Rep. Donald M. Fraser (D-Minn.) refunded $3,700 to the House recently after a gadfly critic of his investigation of U.S.-South Korean relations disclosed the congressman improperly was paying a staff member in advance.

"He's been trying to get me for eight months," Fraser said of Clyde Wallace, who, under the pen name of Walter Riley, has written several articles attacking Fraser and the House International Relations subcommittee investigation.

"I just caught him doing something illegal," Wallace responded.

Fraser said he was "wholly unaware" of the federal law that prohibits advance payments of government work. He acknowledged he paid Winifred Leonard of his Minneapolis staff her entire $7,400 annual salary in February and March.

Fraser said he did this so he could keep one of his 18 staff positions open for summer interns.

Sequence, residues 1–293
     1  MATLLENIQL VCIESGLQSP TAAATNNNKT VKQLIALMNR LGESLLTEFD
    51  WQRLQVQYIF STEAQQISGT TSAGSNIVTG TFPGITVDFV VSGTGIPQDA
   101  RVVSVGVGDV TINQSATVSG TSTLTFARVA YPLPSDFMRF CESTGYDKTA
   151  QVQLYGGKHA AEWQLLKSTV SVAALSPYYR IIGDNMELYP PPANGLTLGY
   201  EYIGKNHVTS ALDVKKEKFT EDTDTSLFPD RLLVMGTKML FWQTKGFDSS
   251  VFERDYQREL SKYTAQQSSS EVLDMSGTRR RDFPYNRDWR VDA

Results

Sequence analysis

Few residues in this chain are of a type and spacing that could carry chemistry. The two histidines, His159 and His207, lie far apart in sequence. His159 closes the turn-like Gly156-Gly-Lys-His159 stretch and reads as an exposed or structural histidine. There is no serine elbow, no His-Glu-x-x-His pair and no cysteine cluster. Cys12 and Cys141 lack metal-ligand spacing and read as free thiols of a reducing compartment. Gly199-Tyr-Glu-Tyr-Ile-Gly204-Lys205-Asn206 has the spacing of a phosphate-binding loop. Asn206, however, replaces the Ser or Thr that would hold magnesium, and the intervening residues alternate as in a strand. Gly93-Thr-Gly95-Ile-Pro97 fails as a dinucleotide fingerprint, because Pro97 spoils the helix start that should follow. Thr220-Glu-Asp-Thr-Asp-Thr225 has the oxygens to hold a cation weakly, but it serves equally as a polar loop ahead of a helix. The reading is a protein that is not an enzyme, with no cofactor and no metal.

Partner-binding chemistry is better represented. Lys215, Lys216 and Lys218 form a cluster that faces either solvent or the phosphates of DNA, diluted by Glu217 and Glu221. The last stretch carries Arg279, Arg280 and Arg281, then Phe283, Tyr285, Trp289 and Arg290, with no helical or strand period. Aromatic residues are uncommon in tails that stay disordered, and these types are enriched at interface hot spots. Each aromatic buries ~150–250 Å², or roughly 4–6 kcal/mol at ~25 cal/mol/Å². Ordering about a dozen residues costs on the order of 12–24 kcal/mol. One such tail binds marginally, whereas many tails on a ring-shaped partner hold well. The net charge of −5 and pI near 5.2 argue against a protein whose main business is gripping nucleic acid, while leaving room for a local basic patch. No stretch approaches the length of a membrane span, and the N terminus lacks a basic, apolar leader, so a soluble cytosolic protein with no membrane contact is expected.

He contended he did not falsify payroll certifications in saying Leonard was "terminated" after the two months. "That was for payroll purposes only," he said.

But in checking the regulations after Wallace's article, Fraser said, he discovered the law about advance payment and refunded the aide's prepaid salary for the rest of the year. "She'll go on the regular payroll now," Fraser said.

Wallace, who is vague about the names and numbers of clients who subscribe to his column, said he started digging into Fraser's payroll records because members of the investigating subcommittee staff refused to answer his calls. They also told other reporters that he was working for the Unification Church of Korean evangelist Sun Myung Moon, which the subcommittee is investigating, he said. "I'm doing this on my own," Wallace said. "My wife is Korean, but I'm Catholic."